No vehicles will be charged to enter Greater Manchester’s new Clean Air Zone if the government agrees, Andy Burnham has confirmed three months after he paused the scheme which had been set to levy fees on older buses, lorries and taxis.
The new proposals will instead see more incentives offered for drivers and businesses to replace high emmisisons vehicles, including grants and potential tax breaks, the region’s mayor said.
“The red line is we will not accept a charging Clean Air Zone in Greater Manchester,” Mr Burnham said in a statement. “If that is what the government wants, it will have to impose it.”
Whitehall has ordered all areas of England to bring down air pollution by 2024, with different places taking different approaches.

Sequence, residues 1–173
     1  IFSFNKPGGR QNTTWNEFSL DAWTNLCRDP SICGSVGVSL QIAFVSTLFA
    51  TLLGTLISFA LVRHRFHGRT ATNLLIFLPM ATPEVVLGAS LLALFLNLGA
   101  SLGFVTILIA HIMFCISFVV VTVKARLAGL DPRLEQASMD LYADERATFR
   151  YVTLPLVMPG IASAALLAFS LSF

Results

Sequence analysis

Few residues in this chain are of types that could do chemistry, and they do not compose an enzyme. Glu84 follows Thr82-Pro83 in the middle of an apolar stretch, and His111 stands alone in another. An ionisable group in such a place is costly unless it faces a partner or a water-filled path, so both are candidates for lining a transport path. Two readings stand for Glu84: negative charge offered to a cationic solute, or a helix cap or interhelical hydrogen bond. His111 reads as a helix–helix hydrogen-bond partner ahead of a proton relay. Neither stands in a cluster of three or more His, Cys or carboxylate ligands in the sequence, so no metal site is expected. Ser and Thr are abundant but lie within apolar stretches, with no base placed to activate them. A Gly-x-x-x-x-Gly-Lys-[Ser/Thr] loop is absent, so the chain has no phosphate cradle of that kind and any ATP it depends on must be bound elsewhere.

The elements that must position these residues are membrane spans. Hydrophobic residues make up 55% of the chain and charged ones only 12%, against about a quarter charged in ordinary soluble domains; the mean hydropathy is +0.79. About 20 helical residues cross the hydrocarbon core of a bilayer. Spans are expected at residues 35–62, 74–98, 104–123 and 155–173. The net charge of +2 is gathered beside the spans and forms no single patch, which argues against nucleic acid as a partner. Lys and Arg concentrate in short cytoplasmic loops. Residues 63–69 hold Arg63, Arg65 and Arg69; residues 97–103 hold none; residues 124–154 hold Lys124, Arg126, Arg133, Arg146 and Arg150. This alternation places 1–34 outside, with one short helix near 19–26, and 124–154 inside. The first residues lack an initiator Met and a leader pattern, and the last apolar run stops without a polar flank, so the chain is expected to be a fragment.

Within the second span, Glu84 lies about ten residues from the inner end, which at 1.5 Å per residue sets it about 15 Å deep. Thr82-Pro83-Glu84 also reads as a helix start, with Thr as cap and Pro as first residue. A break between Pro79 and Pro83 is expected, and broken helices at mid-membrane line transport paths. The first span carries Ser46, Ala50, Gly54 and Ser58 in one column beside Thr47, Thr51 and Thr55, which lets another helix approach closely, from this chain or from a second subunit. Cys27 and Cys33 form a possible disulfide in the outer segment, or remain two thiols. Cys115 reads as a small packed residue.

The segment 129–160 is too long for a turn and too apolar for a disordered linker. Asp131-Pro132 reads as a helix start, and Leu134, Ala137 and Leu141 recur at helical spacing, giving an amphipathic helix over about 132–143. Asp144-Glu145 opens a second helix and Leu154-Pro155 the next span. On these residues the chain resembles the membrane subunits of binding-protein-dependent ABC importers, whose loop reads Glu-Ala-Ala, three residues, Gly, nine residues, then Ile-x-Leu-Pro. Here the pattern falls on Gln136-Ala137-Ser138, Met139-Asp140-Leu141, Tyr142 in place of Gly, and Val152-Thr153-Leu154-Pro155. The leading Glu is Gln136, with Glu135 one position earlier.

Greater Manchester’s original plan to create Europe’s biggest charging CAZ – a vast 500 square mile zone – was halted in February amid massive protests that the planned fees of up to £60-a-day would put thousands of businesses and jobs at risk.
Mr Burnham himself was widely criticised for attempting to drive forward the scheme in the face of the widespread opposition.
The scheme – which would have begun in May – was paused after the government extended the 2024 deadline for the region until 2026.
A new detailed plan for the scheme will now be announced in June or July but Friday’s statement suggests that Mr Burnham is keen to ensure that, if charges are levied, it is his not he who is blamed.
He said that he and other council leaders “had listened” and the plans in development were “substantially different”.
By increasing use of electric vehicles and converting buses to electric, along with a raft of other measures, he said clean air targets could be met without charges.
The zone will still be used, along with cameras, to monitor pollution and identify vehicles that could qualify for money to convert to electric.